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Tongue-eating Louse
Cymothoa-exigua
Information
Range Gulf of California south to north of the Gulf of Guayaquil, Ecuador. Two host records were also recently discovered in Costa Rica and United Kingdom.
Scientific Classification
Kingdom Animalia
Phylum Arthropoda
Class Malacostraca
Order Isopoda
Family Cymothoidae
Genus Cymothoa
Species Cymothoa exigua

The Tongue-eating louse, (Cymothoa exigua), is a parasitic isopod of the family Cymothoidae. This parasite enters fish through the gills, and then attaches itself at the base of the fish's tongue. The female attaches to the tongue and the male attaches on the gill arches beneath and behind the female. Females are 8–29 millimetres (0.3–1.1 in) long and 4–14 mm (0.16–0.55 in) in maximum width. Males are approximately 7.5–15 mm (0.3–0.6 in) long and 3–7 mm (0.12–0.28 in) wide. The parasite destroys the fish's tongue, and then attaches itself to the stub of what was once its tongue and becomes the fish's new tongue.

Behavior

The tongue-eating Louse extracts blood through the claws on its front, causing the tongue to atrophy from lack of blood. The parasite then replaces the fish's tongue by attaching its own body to the muscles of the tongue stub. The fish is able to use the parasite just like a normal tongue. It appears that the parasite does not cause any other damage to the host fish.[2] Once C. exigua replaces the tongue, some feed on the host's blood and many others feed on fish mucus. This is the only known case of a parasite functionally replacing a host organ. There are many species of Cymothoa, but only the tongue-eating louse is known to consume and replace its host's tongue.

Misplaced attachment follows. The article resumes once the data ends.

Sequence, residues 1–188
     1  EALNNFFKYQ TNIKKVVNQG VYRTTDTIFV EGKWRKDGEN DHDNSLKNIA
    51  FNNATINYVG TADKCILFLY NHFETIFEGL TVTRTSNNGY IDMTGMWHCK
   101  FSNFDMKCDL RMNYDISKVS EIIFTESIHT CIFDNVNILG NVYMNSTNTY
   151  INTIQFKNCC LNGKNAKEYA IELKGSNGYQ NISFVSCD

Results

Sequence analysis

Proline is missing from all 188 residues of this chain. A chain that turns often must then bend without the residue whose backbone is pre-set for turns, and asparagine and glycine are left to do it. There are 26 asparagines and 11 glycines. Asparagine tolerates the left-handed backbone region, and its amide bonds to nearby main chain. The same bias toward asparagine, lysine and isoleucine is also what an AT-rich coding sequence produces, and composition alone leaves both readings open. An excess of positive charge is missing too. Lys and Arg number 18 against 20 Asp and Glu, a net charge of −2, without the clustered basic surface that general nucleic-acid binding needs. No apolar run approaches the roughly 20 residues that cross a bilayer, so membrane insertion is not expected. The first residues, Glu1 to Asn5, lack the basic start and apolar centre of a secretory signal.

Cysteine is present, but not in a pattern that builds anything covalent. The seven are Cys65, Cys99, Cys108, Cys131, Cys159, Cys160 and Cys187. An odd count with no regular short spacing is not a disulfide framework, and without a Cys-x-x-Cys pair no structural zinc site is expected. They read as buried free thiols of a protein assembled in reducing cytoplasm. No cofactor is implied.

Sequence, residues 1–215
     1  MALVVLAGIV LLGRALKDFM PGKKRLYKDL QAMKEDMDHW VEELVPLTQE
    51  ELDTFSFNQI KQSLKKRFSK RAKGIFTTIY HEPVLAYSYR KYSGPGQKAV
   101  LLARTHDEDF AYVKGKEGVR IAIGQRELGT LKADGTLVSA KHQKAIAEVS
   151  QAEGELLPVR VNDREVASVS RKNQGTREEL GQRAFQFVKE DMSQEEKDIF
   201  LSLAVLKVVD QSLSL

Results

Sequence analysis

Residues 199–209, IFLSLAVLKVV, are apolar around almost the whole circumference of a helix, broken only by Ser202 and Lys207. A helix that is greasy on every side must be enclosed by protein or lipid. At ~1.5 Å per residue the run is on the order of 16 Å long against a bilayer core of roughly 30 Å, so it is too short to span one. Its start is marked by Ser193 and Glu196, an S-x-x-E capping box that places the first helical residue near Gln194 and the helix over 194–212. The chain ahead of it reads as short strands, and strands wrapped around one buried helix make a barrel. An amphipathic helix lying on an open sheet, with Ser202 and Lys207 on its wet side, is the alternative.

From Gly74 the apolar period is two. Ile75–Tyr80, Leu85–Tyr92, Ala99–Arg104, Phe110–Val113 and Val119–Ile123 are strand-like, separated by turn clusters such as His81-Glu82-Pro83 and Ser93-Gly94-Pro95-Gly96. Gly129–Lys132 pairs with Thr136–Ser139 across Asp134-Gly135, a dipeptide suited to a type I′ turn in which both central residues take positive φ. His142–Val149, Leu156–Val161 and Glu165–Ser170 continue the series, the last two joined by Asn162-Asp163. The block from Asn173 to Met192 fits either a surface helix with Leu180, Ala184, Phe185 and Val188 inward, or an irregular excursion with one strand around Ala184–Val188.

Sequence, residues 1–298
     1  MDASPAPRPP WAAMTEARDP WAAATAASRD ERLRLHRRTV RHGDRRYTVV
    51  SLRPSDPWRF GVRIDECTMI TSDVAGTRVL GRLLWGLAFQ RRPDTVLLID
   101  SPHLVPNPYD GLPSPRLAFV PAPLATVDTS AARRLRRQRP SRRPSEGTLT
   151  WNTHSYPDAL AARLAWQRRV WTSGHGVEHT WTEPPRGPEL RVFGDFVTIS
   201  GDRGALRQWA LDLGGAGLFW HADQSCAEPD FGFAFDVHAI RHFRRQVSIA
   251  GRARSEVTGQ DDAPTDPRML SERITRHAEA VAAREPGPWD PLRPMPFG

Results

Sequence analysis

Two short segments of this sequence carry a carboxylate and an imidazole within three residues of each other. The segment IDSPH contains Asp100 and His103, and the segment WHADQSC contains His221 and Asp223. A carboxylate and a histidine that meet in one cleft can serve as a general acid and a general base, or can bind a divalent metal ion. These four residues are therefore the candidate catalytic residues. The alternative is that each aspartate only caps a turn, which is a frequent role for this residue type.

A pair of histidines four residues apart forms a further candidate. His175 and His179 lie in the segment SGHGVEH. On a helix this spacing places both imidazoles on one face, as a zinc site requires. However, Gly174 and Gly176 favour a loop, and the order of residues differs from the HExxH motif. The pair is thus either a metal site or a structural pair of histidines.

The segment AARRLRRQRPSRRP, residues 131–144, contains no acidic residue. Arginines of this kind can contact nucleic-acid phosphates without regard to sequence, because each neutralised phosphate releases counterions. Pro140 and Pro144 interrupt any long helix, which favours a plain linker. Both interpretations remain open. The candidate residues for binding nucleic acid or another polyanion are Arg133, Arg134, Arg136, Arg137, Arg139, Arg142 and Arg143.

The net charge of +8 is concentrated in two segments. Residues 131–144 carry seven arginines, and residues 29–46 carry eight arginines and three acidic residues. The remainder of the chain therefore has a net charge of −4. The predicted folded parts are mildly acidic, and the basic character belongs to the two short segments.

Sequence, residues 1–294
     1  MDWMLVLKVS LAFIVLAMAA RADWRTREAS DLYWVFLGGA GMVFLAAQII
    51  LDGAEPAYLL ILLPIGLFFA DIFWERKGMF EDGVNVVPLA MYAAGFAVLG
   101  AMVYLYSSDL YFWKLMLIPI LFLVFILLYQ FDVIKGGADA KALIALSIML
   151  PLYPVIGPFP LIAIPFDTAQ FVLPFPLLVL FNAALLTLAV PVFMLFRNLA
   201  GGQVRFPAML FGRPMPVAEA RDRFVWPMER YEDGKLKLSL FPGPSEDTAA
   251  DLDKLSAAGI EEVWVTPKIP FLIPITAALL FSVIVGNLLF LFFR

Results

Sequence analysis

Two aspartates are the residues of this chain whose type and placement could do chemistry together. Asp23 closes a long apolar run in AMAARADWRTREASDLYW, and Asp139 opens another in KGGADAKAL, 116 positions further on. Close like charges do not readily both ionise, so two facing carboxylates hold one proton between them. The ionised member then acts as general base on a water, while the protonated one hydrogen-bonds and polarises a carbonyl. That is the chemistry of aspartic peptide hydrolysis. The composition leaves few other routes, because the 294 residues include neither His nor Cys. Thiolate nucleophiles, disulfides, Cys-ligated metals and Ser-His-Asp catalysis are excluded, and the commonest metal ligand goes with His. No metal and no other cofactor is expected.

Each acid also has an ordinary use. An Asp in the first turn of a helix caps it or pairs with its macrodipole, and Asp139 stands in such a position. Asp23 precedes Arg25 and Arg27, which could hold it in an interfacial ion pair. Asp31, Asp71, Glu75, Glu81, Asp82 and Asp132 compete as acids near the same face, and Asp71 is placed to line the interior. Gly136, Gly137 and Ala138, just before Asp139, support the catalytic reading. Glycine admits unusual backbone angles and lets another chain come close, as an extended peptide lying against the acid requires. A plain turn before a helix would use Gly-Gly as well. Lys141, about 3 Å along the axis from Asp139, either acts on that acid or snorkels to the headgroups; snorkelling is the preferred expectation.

Distribution

The tongue-eating louse is quite widespread. It can be found from the Gulf of California south to north of the Gulf of Guayaquil, Ecuador. Two host records were also recently discovered in Costa Rica. It has been sampled in waters from 2 metres (6 ft 7 in) to almost 60 m (200 ft) deep. This isopod is known to parasitize eight species in two orders and four families of fishes [7 species of order Perciformes: 3 snappers (Lutjanidae), 1 grunt (Haemulidae), 3 drums (Sciaenidae), and 1 species of order Atheriniformes: 1 grunion (Atherinidae)]. Females of this isopod were found in the mouths of three species of snappers. New hosts from Costa Rica include the Colorado snapper, Lutjanus colorado and Jordan's snapper, L. jordani.

In 2005, a red snapper parasitised by what could be the tongue-eating louse was discovered in the United Kingdom. As the parasite is normally found off the coast of California, this led to speculation that the parasite's range may be expanding; however, it is also possible that the isopod traveled from the Gulf of California in the snapper's mouth, and its appearance in the UK is an isolated incident.

Reproduction

The species exhibits protandrous hermaphroditism. Not much is known about the life cycle of the tongue-eating louse. It exhibits sexual reproduction. It is likely that juveniles first attach to the gills of a fish and become males. As they mature, they become females, with mating likely occurring on the gills. If there is no female present, within a pair of two males, one male can turn into a female after it grows to 10mm in length. The female then makes its way to the fish's mouth where it uses its front claws to attach to the fish’s tongue.

Influence on Humans

It is currently believed that the tongue-eating louse are not harmful to humans unless picked up alive, in which case they can bite.

In Puerto Rico, the tongue-eating louse was the leading subject of a lawsuit against a large supermarket chain. Because the tongue-eating louse is found in snappers from the Eastern Pacific and is shipped worldwide for commercial consumption, contamination by the parasite is inevitable. The customer in the lawsuit claimed to have been poisoned by eating an isopod cooked inside a snapper. This case, however, was dropped on the grounds that isopods are not poisonous to humans and some are even consumed as part of a regular diet.

Popular Media

The species was depicted in the 2012 film The Bay, in which most of the residents of a small town on the Chesapeake Bay were infected by the parasite, and died as a result.

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